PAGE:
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what happens in that pool will not have an impact on medicare, as i understand it. it will be a separate pool of those receiving medicare benefits that they will pay for in actual premiums. it won't be at the expense or to the benefit of the medicare program itself. what i've just said is based on press accounts and not my personal knowledge of what was submitted to c.b.o. mr. mccain: i don't know if the senator has seen the c.m.s. estimates this morning that these will be dramatic increases in health care costs. and you may be able to expand the access to it but given the dramatic increase, one, it still affects the medicare system; and, two there, will obviousl obviously -- and two, there will obviously be increased costs if you see the adverse selection such as we're talking about. i'd ask my friend, i see our staff is getting very restless. i'd ask my friend if maybe we could do this again during the weekend and during the week. i appreciate it. i think people are -- are helped by this kind of debate and discussion, and i do respect not
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only the passion but the knowledge that the senator from illinois has about this issue. mr. durbin: thank you. i ask now consent that morning business be closed. the presiding officer: morning business is closed. the clerk will report. the clerk: conference report to accompany h.r. 3288, an act making appropriations for the departments of transportation and housing and urban development and related agencies for the fiscal year ending september 30, 2010, and for other purposes. a senator: mr. president? the presiding officer: the senator from arizona. mr. mccain: mr. president, one of the troubling aspects of this conference report is that the appropriators airdropped three very significant spending bills into the text during conference. in other words, three bills without any debate, discussion, amendment here was airdropped into this legislation -- pending legislation. the three bills are the labor, health and human services, financial services, and general
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government; the state foreign relations -- foreign operations appropriations bill. combined, these three bills spend over $237 billion and contain 2,019 earmarks. i think it's really remarkable and unacceptable that the senate is willing to approve expenditure of such huge sums without the opportunity to debate and amend their content. now, mr. president, on the other side of the aisle -- in fact, i see the senator from hawaii -- he will say, well, this is the way we've had to do business before and we have to do this because the pressure of time and the fiscal year ended, et cetera, et cetera. but again, we get back to this whole line that we heard for an entire year and even in early this year about change, about how we were going to change things in washington, we were going to change the way we do business. president obama said about the last omnibus bill, which was passed last march, three months into the obama administration,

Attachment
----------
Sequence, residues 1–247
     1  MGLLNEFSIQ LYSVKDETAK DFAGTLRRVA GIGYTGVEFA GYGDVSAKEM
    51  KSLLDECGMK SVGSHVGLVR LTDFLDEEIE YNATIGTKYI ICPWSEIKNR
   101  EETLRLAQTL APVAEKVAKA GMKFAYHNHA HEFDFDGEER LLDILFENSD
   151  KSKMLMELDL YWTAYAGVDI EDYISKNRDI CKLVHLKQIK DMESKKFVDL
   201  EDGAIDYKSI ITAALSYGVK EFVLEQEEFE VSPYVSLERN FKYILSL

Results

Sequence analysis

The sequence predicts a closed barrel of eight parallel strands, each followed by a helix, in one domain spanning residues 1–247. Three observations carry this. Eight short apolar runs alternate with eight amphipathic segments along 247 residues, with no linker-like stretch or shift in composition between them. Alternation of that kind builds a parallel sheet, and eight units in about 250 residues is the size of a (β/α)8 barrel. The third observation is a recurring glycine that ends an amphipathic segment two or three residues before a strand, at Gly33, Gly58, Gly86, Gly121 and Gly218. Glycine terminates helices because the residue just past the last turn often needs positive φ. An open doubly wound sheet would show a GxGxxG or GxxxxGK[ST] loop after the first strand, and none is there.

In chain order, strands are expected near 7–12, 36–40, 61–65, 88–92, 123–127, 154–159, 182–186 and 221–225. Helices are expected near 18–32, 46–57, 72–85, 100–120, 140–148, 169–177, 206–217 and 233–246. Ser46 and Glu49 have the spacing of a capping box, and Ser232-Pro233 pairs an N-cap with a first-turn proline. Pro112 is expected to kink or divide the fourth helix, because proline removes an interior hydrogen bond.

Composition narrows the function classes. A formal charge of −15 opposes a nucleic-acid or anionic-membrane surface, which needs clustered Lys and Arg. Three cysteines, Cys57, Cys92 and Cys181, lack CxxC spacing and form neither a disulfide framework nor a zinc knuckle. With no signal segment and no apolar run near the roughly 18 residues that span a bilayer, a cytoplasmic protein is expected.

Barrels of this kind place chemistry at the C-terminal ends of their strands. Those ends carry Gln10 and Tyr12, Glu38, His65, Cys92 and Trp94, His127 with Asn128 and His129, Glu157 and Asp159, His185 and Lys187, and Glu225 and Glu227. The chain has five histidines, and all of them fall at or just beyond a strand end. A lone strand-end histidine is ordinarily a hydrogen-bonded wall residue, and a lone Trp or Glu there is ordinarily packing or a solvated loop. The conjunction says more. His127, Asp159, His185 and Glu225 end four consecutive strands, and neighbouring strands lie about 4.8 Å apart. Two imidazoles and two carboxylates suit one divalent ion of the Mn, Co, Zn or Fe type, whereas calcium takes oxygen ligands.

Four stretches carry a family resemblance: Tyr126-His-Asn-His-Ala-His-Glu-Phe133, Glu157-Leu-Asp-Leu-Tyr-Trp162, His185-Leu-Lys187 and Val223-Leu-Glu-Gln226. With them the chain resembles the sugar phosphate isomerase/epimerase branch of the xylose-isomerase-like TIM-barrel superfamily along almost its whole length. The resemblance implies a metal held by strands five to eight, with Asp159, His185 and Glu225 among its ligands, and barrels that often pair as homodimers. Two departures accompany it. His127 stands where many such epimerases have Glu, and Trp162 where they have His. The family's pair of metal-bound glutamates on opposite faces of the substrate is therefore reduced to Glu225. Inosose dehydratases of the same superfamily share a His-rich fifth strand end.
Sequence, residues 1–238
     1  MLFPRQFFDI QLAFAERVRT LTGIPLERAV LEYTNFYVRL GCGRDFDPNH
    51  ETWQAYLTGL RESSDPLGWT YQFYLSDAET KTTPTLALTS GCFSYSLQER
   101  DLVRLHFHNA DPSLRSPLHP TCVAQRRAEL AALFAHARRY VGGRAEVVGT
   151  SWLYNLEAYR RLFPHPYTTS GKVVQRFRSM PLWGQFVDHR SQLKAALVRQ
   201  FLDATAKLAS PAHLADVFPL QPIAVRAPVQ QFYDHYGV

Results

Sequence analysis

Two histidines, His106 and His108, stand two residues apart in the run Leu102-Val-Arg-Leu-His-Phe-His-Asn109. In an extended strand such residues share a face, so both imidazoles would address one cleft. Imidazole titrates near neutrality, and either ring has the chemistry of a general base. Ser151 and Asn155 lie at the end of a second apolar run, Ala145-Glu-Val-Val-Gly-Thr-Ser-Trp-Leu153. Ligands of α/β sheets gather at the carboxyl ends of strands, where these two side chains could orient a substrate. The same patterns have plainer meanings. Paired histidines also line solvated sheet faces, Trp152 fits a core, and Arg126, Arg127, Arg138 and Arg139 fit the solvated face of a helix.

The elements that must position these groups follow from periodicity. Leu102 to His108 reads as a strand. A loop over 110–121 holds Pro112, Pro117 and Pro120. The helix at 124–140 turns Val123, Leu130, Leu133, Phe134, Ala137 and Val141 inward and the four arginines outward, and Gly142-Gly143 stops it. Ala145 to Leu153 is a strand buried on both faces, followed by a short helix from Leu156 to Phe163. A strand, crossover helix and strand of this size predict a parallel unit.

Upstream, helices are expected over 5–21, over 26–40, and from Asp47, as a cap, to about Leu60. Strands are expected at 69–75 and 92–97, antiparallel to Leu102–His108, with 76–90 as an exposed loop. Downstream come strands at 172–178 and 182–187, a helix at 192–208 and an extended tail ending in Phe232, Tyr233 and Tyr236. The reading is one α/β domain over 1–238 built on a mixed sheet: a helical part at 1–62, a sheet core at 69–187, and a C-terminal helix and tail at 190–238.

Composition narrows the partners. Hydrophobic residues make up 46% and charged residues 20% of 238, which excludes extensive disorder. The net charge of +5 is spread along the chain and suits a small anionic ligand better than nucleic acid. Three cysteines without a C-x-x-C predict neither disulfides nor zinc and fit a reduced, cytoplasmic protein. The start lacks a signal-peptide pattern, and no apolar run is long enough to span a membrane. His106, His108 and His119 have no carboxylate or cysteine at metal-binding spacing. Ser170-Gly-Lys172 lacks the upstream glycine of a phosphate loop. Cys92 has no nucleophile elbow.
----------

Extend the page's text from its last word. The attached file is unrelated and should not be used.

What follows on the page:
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he said -- and i quote president obama -- "the future demands that we operate in a different way than we have in the past. so let there be no doubt, this piece of legislation must mark an end to the old way of doing business and the beginning of a new era of responsibility and accountability that the american people have every right to expect and demand. so what are we doing today? the exact same thing that we were doing before. and here's a quote from the white house chief of staff, rahm emanuel. what he said about the last omnibus bill. remember? this is the one we weren't going to do anymore. "second, this is last year's business" -- he was talking about the one we passed in mar march -- and their, most importantly, we're going -- "and third, most importantly, we're going to have to bring some other changes going forward, to reduce and bring more, reduce the number and bring the transparency, and that's the policy that he annunciated in his campaign." bob schieffer, "what it sounds to me what he's about to do here
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is say" -- "well, don't like it but i'm going to go ahead and sign it" -- he's talking about the last omnibus bill -- "but i'm going to warn you, you don't ever do it again" -- because that's what's happening here. emanue-- is that what's happenig here? emanuel, "yes." and we have a lot issues when we fund the government, something we should have done last year but did not because of the difficulty we had with working with president bush. i wonder if we're going to blame president bush for this one. we might. we blame him for almost everything. rains, doesn't rain, whatever it is, let's blame president bush. but the point is -- the point is, what this bill is -- and another one that will be coming up in a couple of days is exactly the same, business-as-usual, a pork-barrel laden bill with increases in spending when the american people are hurting in the worst possible way. the american people are hurting and this -- and this piece of